Stephen Harper’s longest war: missing and murdered Indigenous women

Kenneth Jackson
APTN National News
OTTAWA – Soon after Stephen Harper began his first term as prime minister in 2006 he set out to cut $1 billion in funding across the board and one of the hardest hit departments was Status of Women.

Satellite offices were closed across the country and funding was cut nearly in half.

That was on the surface.

Behind the scenes, Harper also wanted to cut funding to the Native Women’s Association of Canada that paid for its Sisters in Spirit program that was, for the first time in history, officially tallying the number of missing and murdered Indigenous women.

“(Harper) was trying, but we fought back. I told them I wouldn’t do that and I’d go public,” said former NWAC president Beverley Jacobs. “I would have sued Canada for breach of contract. I had an awesome women legal team at that time.”

The money the government was after was the $5 million, spread out over five years, to fund the research into Sisters in Spirit first announced by the Liberal government under prime minister Paul Martin in 2005.

It was written in a contract.

The Harper government backed off, but they weren’t done.

Harper put NWAC in a proverbial chokehold – described as a slow and meticulous “death” that has left NWAC a shell of its former self today where staff “wait for the axe to drop” at any moment.

And during Harper’s time in office almost 300 Indigenous women have been found murdered, died under suspicious circumstances or went missing according to data collected for APTN, as of May 2015, by well known researcher Maryanne Pearce.

This while calls ring out across the country for a national inquiry that Harper says isn’t needed.

This story is just as much a timeline of the events since 2005 as it as a narrative of Harper’s policy on missing and murdered Indigenous women as he seeks to become the longest serving prime minister in history on Oct. 19.

SISTERS IN SPIRIT – $5 million

Sherry Lewis was the executive director of NWAC from 2003 to 2007.

In May of 2005, the Liberal government came to NWAC with a proposal to fund a five-year program to look into missing and murdered Indigenous women – what would be called Sisters in Spirit.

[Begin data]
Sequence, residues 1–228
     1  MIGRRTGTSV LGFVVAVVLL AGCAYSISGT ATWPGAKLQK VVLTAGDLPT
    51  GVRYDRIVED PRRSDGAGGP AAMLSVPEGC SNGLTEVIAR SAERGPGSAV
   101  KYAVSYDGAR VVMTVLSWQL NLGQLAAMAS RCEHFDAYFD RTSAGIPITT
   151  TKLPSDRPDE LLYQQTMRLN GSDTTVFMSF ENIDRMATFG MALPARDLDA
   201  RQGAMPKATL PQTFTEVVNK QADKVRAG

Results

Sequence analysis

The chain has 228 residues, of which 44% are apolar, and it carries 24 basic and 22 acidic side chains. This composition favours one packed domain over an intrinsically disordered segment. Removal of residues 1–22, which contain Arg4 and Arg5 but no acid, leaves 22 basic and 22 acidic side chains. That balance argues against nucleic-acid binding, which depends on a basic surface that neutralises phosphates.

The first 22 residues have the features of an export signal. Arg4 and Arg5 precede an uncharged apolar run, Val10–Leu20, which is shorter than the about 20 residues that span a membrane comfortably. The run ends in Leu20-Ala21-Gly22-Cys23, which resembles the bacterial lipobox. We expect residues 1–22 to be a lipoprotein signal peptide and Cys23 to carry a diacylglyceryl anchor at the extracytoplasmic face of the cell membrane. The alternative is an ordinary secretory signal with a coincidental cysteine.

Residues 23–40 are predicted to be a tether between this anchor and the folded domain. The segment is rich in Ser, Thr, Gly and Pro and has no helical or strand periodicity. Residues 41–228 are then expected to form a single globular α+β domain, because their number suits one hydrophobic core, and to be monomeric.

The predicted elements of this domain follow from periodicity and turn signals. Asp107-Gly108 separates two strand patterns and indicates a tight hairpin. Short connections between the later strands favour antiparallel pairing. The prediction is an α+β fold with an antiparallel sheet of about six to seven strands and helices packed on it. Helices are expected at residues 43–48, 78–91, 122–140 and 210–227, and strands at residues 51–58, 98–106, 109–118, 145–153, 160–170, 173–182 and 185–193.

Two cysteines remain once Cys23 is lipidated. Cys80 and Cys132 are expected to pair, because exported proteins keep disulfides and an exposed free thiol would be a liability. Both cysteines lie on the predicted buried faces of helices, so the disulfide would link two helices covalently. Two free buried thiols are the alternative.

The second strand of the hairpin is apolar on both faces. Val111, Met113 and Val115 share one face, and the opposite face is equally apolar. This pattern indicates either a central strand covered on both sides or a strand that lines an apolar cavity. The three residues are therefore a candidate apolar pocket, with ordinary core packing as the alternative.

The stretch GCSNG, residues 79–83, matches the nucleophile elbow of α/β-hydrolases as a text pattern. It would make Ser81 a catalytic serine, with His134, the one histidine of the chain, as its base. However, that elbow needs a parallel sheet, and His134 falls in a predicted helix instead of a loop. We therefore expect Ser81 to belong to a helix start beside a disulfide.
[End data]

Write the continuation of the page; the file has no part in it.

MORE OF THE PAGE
Lewis said NWAC was at the United Nations’ Permanent Forum on Indigenous Issues in New York on May 23, 2005 when she was approached by Fred Caron, then assistant deputy minister, of then, Indian and Northern Affairs Canada.

Caron offered NWAC $5 million over five years and part of the deal was NWAC had to take part in a press conference at the UN meetings.

The deal was approved by Beverley Jacobs and NWAC’s board of directors.

“It rolled out from there. We negotiated what that was all about,” said Lewis. “At the time, we ensured the ownership of the name, brand, everything belonged to NWAC.”

Sherry Lewis, left, as seen at the United Nations in New York in 2005 announcing the Sisters in Spirit funding. UN photo
Sherry Lewis, left, as seen at the United Nations in New York in 2005 announcing the Sisters in Spirit funding with Fred Caron, right of Lewis, assistant deputy minister for Indian and Northern Affairs of Canada.United Nations photo.

Lewis said NWAC also enjoyed a “positive relationship” with the Liberal government. Frequently, staff was invited to take part in special gatherings, meet foreign dignitaries and the government would promote the organization.

When the Harper government took control, it was like “night and day” said Lewis.

“There was a lot of that stuff going on (under the Liberals). It kept us busy all the time,” she said. “When the Conservatives came in it was like a door slammed shut.”

Lewis said the invitations to meet dignitaries no longer arrived and NWAC was in the dark.

“They gave us minimally what was required under Sisters in Spirit,” she said.

As Sisters in Spirit was in full swing the Harper government demanded documents on everything – every call from media, every trip taken, any and everything said former executive director Kate Rexe, who joined NWAC in April of 2009.